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Which IVF Treatment Plan is Right For You?

PFCLA
15 Mar 2022

For some people, becoming a parent is smooth sailing. However, if this isn’t true for you, you’re not alone. You may have a variety of things going on that make conceiving a child more of a challenge.

One option to expand your family is in-vitro fertilization (IVF), but this is not a one-size-fits-all situation. There are three different types of IVF, and which one is right for you depends on a variety of factors.

Conventional IVF

What you typically hear about is conventional IVF. The basic process of IVF is that eggs are retrieved and then fertilized outside the body using a sperm sample from the partner or a donor. IVF is used when you have damaged fallopian tubes (meaning an egg can't get to the uterus) or extremely irregular menstruation. It can also be helpful for male factor infertility, whether with your own sperm using a method which gets it into the egg or with a well-matched donor, and for same sex couples and intentional single parents.

In conventional IVF, you receive fertility drugs to stimulate ovulation and cause your ovaries to produce multiple eggs. Eggs are then harvested in a simple procedure, fertilized and implanted. Typically more than one egg is implanted to reduce the risk of failure, however this increases the risk of multiple pregnancies so some couples prefer sequential implantation.

Mini IVF

Mini IVF uses lower amounts of fertility medication, releasing fewer eggs. This means you get fewer side effects from the medication. The cost is also typically lower.

One risk with conventional IVF is ovarian hyperstimulation syndrome (OHSS), which causes cystic enlargement of the ovaries and causes symptoms which range from abdominal pain to low blood pressure to compromised pulmonary function. Because of this, women with polycystic ovary syndrome (PCOS) are poor candidates for conventional IVF, but often do better with mini IVF.

Mini IVF is also a better option if you have diminished ovarian reserve (conventional IVF can deplete reserves quickly). It also produces fewer embryos. With conventional IVF it is common for embryos to be discarded. Some couples prefer to avoid this for religious or ethical reasons.

Natural IVF

Natural IVF is IVF that is done without the use of any fertility medications. This is more affordable and completely avoids the side effects of fertility medications, which can include mood swings, bloating, and tender breasts. You might, however, be recommended supplements and progesterone. A single egg is harvested.

The downside is that it may take more cycles. However, natural IVF is an option for people who have a family history of hormone-related cancers (which can easily be triggered by fertility medications). Some people may have religious objections or personal preferences which lead them to natural IVF, which does not result in multiples or discarded embryos, and may be seen as intervening less.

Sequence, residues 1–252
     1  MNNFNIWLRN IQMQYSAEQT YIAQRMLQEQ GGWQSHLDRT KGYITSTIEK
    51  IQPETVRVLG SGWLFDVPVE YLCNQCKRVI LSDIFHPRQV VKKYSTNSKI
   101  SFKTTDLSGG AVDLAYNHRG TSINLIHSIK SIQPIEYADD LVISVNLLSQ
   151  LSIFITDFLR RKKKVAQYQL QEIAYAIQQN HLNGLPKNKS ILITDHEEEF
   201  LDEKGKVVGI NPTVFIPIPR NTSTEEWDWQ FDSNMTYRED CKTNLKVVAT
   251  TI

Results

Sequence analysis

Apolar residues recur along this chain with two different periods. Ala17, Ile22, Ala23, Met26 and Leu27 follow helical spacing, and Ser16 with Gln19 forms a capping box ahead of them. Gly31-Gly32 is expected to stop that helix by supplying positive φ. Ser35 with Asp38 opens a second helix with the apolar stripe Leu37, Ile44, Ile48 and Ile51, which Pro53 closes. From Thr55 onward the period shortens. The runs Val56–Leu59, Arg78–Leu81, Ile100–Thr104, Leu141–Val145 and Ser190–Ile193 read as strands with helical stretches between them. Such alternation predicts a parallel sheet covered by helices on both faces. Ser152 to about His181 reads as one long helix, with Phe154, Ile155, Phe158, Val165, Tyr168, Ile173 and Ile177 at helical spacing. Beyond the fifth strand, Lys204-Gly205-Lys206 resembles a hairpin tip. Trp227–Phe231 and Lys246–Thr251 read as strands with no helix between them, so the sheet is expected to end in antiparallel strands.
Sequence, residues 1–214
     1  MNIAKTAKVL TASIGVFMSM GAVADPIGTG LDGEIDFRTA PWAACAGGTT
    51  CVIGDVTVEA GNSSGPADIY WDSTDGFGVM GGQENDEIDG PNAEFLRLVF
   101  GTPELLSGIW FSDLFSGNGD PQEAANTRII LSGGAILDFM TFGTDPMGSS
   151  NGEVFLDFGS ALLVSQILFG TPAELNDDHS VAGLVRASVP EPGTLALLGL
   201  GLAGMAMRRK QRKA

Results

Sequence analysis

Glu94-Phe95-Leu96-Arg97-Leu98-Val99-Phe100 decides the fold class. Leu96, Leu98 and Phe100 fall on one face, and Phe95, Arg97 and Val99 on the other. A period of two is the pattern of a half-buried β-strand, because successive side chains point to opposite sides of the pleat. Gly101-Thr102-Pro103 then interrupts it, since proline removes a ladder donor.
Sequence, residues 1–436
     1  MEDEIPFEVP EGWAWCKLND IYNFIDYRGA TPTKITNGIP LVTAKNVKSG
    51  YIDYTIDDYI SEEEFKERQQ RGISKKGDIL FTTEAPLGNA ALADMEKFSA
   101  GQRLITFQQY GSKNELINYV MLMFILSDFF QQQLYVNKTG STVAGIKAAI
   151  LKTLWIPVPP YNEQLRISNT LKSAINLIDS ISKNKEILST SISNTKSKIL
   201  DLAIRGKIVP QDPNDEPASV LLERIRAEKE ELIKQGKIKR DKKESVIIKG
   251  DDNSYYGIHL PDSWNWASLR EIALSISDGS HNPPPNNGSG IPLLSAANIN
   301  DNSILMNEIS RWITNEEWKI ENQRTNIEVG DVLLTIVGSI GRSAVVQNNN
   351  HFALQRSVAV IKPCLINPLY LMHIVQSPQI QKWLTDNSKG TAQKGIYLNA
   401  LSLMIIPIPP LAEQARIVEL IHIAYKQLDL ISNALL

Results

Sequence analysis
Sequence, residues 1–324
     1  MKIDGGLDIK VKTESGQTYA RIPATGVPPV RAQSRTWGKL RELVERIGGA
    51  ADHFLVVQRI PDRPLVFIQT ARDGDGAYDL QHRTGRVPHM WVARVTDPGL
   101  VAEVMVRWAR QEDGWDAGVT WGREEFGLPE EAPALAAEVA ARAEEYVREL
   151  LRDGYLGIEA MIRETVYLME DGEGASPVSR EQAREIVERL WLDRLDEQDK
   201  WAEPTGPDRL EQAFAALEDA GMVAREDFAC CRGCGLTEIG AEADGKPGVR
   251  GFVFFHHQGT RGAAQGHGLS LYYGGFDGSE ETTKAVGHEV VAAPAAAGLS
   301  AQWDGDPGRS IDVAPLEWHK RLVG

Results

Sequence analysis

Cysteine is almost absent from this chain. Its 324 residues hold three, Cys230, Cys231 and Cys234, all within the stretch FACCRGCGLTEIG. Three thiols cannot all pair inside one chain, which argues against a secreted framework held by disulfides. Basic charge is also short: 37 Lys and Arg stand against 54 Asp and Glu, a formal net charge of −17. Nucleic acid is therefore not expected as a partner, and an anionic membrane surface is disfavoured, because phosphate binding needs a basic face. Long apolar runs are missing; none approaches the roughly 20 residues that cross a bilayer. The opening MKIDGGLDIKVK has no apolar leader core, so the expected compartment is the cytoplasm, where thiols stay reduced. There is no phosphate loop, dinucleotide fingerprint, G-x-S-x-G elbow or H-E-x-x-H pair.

Discover the right IVF treatment plan for you and your future family

Essentially, the difference between the three types of IVF is the amount and type of medications used. Conventional IVF uses stronger doses of ovary-stimulating medications, while natural IVF uses none at all. Mini IVF falls in between the two.

Which IVF treatment plan is right for you depends on your fertility factors and specific situation. For example, natural IVF might be chosen by an intended parent who does not want to discard embryos, or by a same sex couple where the carrying parent has very regular cycles and high natural fertility. 

Conventional IVF, however, typically has a higher success rate and is likely to be chosen by those with multiple fertility factors. If both partners have fertility issues, conventional IVF is more likely to result in success.

The best way to navigate this is to talk to a specialist. Pacific Fertility Center Los Angeles has the expertise needed to help you decide whether IVF is right for you, and if so which type. If you are having fertility challenges or are a same sex couple or single intended parent, book a consultation with PFCLA today.

Note: This is not intended to be a substitute for professional medical advice, diagnosis or treatment. Information provided is for general educational purposes only and is subject to change without notice. Speak to your doctor directly with any questions you may have regarding a medical condition. Any information contained herein does not replace any care plan as determined by a physician. 

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